NOAA Teacher at Sea
Onboard NOAA Ship Oscar Dyson
July 11 – 29, 2007
Mission: Summer Pollock Survey
Geographical Area: North Pacific, Alaska
Date: July 16, 2007
Weather Data from Bridge
Visibility: 8 nm (nautical miles)
Wind direction: 260° (SW)
Wind speed: 6 knots
Sea wave height: 1 foot
Swell wave height: 3 feet
Seawater temperature: 9°C
Sea level pressure: 1014.4 mb (millibars)
Air Temperature: 8°C
Cloud cover: 8/8, stratus
Science and Technology Log: Why fish pollock? What do pollock fish? Pelagic Food Webs of the Bering Sea
Surveying pollock on the Bering shelf provides the data needed to set catch limits to manage the fishery. Catch limits for American fishing fleets are to be decided soon for next year. The pollock survey I am part of as Teacher at Sea is technically known as the Echo Integration Trawl Survey been an annual tradition of NOAA since 1971! The OSCAR DYSON, and before her the MILLER FREEMAN, use traditional trawling gear to achieve this goal. The fishing gear tends to be smaller then the larger fishing vessels since we don’t need to catch as many fish to estimate population trends. Like commercial operations we are interested in where the fish are in the water column and their geographic distribution. We also are concerned with their age composition. Although we primarily use acoustic sensors to detect fish, by trawling we can see how the technology used to locate fish in the water matches with what is being caught in the net. We also monitor by-catch organisms to observe what is mixed in with pollock when trawling.
Dutch Harbor, AK, according to the National Fisheries Service continues to be the No. 1 port by weight for seafood landings. In 2005, 877 million pounds of seafood passed through port, in 2006 it was more. In terms of seafood value only New Bedford, Mass., surpasses Dutch Harbor mostly due to the increase in the scallop market and decrease in crab populations. Dutch Harbor is known for its king crab industry in the winter and finfish year round, including hake, cod and salmon. Although shrimp is American’s most popular seafood item in terms of sales, finfish occupy much of the top five. Canned tuna is second highest for sales in the U.S., salmon is third and then pollock and tilapia; however if you factor in the global market, the amount of pollock being harvested and the sales for food products such as frozen whitefish foods, filets and surimi (Asian fish paste used in foods such as artificial crab) make it the largest seafood industry in the world (Anchorage Daily News). In addition Pollock are seasonally fished for roe. Commercially, fishing pollock is a good business venture due to its large schools and typically low by-catch. According to the National Marine Fisheries Service approximately 307 million dollars in pollock sales was made in the U.S in 2005. More than 3 million tons of Alaska pollock are caught each year in the North Pacific from Alaska to northern Japan. Of that the U.S. is responsible for about half. The population of Pollock in the Bering alone was estimated at 10 million metric tons early this decade and the catch limit was set around 10 –15% of the population size. Last year the survey team found a significant decline in populations and thus the catch limit was lowered but anecdotally there are preliminary signs of good recruitment with many young pollock being identified in this summer’s survey.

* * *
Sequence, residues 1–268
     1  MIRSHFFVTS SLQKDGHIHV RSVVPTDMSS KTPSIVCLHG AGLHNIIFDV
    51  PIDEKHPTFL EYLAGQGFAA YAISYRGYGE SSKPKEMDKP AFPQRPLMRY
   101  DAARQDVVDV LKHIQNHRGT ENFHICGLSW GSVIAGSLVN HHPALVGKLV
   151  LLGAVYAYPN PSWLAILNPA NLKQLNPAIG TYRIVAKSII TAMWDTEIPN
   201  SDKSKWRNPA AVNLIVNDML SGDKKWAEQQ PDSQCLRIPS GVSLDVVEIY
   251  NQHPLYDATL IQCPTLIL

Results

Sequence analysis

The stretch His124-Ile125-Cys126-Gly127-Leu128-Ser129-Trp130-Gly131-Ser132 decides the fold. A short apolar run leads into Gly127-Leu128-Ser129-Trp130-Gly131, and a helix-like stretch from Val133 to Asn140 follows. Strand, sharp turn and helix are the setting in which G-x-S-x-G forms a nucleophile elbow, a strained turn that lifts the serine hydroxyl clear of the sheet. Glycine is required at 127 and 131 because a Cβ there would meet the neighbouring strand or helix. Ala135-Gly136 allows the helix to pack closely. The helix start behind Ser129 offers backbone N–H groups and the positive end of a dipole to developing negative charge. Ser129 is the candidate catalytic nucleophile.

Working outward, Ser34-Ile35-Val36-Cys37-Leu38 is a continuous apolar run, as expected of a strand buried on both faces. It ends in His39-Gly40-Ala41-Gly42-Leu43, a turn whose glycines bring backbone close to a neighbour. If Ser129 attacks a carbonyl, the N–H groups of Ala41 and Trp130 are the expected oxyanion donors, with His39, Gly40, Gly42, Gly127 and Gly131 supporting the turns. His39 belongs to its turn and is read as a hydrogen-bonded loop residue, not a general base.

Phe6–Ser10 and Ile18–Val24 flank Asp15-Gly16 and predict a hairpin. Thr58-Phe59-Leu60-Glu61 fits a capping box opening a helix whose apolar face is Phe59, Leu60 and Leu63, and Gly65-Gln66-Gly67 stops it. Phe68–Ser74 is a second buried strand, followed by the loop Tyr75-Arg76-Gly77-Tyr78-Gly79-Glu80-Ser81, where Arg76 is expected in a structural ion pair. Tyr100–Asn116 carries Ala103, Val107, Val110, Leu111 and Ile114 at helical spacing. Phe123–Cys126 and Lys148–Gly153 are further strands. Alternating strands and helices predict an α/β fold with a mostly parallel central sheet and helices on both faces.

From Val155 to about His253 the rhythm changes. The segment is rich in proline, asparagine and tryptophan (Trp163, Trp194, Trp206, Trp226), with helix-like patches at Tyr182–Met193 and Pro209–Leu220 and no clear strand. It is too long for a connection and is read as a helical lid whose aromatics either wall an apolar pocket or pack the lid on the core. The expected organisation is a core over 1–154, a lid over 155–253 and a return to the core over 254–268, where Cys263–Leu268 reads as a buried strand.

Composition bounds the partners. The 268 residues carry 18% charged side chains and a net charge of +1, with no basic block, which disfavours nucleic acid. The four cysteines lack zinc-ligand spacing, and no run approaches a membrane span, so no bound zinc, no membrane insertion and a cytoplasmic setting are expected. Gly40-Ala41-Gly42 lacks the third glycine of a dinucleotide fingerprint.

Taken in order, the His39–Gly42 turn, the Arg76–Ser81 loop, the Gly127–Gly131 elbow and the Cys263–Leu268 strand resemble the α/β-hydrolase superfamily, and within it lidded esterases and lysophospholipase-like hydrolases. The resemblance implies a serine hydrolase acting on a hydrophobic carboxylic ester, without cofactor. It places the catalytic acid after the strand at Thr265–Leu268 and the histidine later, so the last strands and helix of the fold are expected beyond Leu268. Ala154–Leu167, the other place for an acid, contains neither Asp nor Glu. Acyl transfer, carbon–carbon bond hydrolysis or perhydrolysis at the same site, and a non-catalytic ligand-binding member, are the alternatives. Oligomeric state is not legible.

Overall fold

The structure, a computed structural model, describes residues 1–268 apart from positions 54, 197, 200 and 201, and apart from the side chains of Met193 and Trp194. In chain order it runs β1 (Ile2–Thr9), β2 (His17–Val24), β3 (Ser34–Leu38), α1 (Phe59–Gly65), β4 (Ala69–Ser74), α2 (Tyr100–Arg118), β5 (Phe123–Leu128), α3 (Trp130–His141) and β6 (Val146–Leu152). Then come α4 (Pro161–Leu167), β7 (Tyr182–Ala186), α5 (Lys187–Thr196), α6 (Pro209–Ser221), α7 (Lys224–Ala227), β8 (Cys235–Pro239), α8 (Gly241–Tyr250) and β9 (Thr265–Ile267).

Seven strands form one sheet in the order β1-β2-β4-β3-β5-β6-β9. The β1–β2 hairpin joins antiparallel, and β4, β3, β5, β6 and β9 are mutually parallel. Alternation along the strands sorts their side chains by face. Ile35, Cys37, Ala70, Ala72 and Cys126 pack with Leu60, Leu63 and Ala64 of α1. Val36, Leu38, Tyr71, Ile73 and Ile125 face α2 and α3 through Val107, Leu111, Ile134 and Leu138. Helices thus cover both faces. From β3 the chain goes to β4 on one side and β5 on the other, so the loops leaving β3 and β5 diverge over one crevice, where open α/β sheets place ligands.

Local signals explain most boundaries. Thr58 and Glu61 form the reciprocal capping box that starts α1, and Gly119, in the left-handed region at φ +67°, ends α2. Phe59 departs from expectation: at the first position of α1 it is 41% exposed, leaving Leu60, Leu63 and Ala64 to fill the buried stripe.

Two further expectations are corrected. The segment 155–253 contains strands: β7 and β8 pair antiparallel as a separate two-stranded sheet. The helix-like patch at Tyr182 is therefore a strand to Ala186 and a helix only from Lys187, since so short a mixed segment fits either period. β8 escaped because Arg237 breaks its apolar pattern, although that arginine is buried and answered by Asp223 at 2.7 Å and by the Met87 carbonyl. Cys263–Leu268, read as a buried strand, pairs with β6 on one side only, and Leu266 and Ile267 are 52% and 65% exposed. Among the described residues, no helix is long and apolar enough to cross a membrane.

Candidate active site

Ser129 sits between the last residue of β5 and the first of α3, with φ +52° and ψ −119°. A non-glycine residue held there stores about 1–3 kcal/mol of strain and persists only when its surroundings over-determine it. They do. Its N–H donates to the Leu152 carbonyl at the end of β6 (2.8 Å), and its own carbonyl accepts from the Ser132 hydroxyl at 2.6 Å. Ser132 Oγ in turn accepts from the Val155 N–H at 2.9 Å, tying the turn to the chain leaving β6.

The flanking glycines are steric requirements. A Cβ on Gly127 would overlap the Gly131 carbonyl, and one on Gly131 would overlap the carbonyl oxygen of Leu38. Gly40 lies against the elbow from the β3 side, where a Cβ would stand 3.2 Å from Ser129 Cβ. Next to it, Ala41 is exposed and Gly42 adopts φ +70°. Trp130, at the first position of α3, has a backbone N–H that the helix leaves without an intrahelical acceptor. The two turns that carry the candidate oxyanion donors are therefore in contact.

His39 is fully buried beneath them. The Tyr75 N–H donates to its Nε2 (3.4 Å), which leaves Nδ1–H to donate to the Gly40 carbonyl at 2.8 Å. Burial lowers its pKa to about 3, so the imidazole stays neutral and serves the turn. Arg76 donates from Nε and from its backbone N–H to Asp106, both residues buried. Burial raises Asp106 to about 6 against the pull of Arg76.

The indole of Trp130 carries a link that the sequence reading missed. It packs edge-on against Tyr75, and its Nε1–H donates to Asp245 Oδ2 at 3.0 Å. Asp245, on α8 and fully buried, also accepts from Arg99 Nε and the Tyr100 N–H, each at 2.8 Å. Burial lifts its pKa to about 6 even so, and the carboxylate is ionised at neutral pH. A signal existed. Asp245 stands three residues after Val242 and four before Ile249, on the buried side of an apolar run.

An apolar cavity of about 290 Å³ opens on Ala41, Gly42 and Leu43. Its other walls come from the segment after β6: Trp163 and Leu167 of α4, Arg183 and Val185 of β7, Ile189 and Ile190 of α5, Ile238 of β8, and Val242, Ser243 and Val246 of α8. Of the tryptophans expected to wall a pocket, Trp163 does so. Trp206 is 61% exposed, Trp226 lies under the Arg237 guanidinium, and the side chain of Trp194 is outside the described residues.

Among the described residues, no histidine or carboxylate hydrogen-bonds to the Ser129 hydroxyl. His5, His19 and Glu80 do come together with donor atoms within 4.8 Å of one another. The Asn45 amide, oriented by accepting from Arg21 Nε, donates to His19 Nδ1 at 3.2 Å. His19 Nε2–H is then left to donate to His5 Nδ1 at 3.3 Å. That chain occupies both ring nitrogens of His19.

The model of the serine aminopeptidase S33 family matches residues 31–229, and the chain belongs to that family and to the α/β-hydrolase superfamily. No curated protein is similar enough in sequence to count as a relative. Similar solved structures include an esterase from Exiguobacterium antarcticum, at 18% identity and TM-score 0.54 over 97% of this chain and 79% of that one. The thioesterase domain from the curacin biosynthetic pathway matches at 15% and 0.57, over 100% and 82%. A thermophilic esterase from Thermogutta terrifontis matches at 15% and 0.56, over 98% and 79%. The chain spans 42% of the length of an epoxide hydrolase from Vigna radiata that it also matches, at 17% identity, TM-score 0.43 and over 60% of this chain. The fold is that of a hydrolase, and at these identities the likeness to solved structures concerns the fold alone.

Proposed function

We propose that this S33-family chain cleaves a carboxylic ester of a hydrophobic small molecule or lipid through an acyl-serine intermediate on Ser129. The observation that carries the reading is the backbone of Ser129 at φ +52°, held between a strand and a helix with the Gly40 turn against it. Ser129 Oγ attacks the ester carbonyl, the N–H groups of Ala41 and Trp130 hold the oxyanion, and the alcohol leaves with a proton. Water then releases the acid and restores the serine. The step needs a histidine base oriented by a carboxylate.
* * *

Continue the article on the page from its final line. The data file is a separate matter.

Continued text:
We are clearly at the top of the food web and consuming a large amount of pollock. The pollock are part of a very complex ecosystem. They are fragile fish and short lived but fast growing and quick to reproduce. The pollock population seems to be greater in number then most other harvestable finfish in the Bering, possibly due to a decline in Pacific Ocean perch, and shows interesting fluctuations in population density in response to global climate changes and sea current patterns. The Bering Sea lies between the Arctic Ocean to the north and the North Pacific to the south but remains a unique ecosystem exhibiting some characteristics of each of its neighbors.
The food web of the pelagic zone of open water in the cold Bering Sea is contingent on movement of nutrient rich waters. The main source of nutrients for the upper shelf region where one finds pollock seems to be influenced by the flow of the Alaskan Stream near shallower coastal waters which flows east across the Aleutian chain. Some of the water flows up through passes and becomes parts of currents like the Aleutian North Slope Current that feed the shelf. The Bering Sea is an extremely large and a relatively shallow body of water making it very different and it is this nutrient flow between shallow waters of the coast and shelf and deep basin/trenches to the west and south that account for its high biodiversity. In addition to currents ice melt and water temperature greatly affects nutrient flow and productivity. The nutrient rich water enables phytoplankton to flourish and reproduce in otherwise cold barren water. In turn zooplankton feed on the phytoplankton which transfers the organic carbon foods from producers to other levels of the food web. Invertebrates (ex. crabs, shrimp and jellyfish), small birds, small fish and baleen whales feed on the zooplankton. Seals, sea lions, skates, larger seabirds, porpoises and toothed whales feed on the fish and invertebrates. A substantial portion in the diet of larger pollock is made of plankton such as krill. This is the same food baleen whales filter out of the water when feeding. Krill is the common name of shrimp-like marine invertebrates belonging to the order of crustaceans called the Euphausiids. Adult Pollock also dine on smaller pollock and this has been seen in our harvest as some pollock come up from the net with smaller fish in their mouth or stomach contents.